If you are a knowledge worker, most of your work is trying to make the right decisions using a large amount of information. You need to discern what is the most effective for a desired goal and anticipate potential problems.
You may find yourself wanting to make decisions faster so you can be more productive. But this is a flawed approach.
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You can't force yourself to think faster. If you do, you'll likely make worse decisions.
There is a way to improve the quality of your decisions without resorting to hacks to speed them up.
Everyone is trying to work faster all the time, and they pressure everyone around them to work faster too. Examples include:
However, speeding up often results in poor decisions that create future problems. We can't force ourselves to make faster decisions just because we're faced with an unrealistic deadline.
The rate at which we process information is fixed, Tom DeMarco points out. If you're under pressure, the quality of your decision worsens. You may miss possible angles, won't think ahead, etc.
The clearer you think, the better your decisions will be. This often means you have to slow down and spend more time on your decisions.
Integrating new, better approaches to thinking does not lead to immediate improvements. It takes lots of time and repetition, just like any other skills.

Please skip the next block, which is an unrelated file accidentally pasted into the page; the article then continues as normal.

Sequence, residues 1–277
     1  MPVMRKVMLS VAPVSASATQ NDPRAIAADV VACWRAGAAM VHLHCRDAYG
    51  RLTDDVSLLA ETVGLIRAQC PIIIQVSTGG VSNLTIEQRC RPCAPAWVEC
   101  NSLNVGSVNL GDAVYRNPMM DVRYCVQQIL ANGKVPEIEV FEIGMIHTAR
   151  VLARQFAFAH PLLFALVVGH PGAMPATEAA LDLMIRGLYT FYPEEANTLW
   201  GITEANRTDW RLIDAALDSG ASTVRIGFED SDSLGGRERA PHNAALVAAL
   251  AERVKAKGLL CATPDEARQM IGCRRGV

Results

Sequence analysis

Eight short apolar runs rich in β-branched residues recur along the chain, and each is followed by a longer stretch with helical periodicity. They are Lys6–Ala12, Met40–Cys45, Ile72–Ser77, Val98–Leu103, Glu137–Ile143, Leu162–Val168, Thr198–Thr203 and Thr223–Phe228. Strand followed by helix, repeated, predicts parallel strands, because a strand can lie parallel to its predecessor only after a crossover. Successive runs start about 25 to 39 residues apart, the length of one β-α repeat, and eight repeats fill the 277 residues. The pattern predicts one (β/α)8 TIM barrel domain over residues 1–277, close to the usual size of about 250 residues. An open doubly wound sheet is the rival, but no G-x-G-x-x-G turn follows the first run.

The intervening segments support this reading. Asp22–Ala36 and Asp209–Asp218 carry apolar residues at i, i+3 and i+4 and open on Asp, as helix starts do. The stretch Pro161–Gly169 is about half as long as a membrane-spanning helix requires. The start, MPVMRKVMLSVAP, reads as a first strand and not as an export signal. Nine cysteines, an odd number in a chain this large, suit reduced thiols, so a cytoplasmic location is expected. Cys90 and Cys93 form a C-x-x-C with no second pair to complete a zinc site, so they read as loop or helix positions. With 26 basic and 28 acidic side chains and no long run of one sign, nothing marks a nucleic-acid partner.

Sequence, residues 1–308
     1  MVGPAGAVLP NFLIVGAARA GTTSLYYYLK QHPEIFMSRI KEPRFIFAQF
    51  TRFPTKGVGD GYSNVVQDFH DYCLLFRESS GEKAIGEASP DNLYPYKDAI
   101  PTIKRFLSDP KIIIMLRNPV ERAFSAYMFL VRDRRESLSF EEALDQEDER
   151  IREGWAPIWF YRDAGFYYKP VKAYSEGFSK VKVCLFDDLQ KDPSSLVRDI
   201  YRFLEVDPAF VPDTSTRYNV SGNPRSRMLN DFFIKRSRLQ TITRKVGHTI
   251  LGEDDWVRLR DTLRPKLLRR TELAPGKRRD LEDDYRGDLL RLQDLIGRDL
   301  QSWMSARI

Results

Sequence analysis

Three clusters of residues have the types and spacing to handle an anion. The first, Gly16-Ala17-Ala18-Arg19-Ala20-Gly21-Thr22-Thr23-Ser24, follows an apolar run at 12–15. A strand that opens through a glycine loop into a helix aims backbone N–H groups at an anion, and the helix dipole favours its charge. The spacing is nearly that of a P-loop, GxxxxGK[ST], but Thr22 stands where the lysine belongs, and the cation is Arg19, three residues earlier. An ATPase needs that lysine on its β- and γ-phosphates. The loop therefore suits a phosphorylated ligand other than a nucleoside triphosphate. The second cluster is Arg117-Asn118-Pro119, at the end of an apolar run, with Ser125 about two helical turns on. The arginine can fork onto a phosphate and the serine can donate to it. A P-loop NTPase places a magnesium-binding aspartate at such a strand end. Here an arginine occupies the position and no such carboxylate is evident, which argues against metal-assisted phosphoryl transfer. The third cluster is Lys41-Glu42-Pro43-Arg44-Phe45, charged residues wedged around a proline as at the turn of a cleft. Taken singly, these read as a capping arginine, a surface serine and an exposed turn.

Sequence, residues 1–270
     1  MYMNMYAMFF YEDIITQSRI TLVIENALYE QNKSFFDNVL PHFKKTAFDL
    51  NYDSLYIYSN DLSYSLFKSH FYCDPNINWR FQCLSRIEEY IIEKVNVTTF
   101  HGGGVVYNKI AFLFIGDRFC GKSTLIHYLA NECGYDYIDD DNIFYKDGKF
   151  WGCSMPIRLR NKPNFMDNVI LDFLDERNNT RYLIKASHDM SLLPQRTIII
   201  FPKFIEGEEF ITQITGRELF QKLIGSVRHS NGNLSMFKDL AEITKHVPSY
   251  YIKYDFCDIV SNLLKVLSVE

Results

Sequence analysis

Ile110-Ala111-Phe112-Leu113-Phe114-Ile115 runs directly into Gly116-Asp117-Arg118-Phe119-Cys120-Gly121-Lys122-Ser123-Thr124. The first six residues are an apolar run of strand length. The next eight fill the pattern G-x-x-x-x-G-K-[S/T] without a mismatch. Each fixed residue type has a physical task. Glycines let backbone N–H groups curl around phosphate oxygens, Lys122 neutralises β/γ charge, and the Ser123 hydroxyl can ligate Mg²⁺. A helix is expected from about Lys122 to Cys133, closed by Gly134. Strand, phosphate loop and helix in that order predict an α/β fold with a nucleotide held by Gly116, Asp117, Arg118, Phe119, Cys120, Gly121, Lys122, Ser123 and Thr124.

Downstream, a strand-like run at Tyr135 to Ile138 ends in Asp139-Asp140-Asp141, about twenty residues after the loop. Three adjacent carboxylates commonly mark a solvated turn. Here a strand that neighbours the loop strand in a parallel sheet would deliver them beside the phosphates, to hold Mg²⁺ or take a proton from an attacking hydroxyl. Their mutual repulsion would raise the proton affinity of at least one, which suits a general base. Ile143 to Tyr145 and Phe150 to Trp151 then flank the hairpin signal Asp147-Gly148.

Making good decisions is hard work and needs reduced pressure. It requires constant learning and verifying what you think you know, especially in the fields where the most relevant information has a short half-life. Instead of thinking faster, try to think better.
Why is marking a book indispensable to reading it?
First, it keeps you awake, not merely conscious, but wide awake.
Second, reading, if it is active, is thinking, and thinking tends to express itself in words, spoken or written. The person who says he knows what he thinks but cannot express it usually does not know what he thinks.
Third, writing your reactions down helps you to remember the thoughts of the author.
Our various cognitive biases make us behave irrationally, even though we believe we are acting logically. If we are tired, in a rush, or are distracted we tend to rush towards a bad decision. Other factors include working with an authority figure or in a group.
The rule to follow is to never make important decisions when one is emotionally weak, tired, distracted, or in a hurry.
When we look at situations, we prefer to look for what is distinct. Instead, we should pay attention to the similarities.
The four words "this time is different" makes us incorrectly think that differences are more valuable than similarities. When your reasoning and plans are based on the differences, you are probably speculating.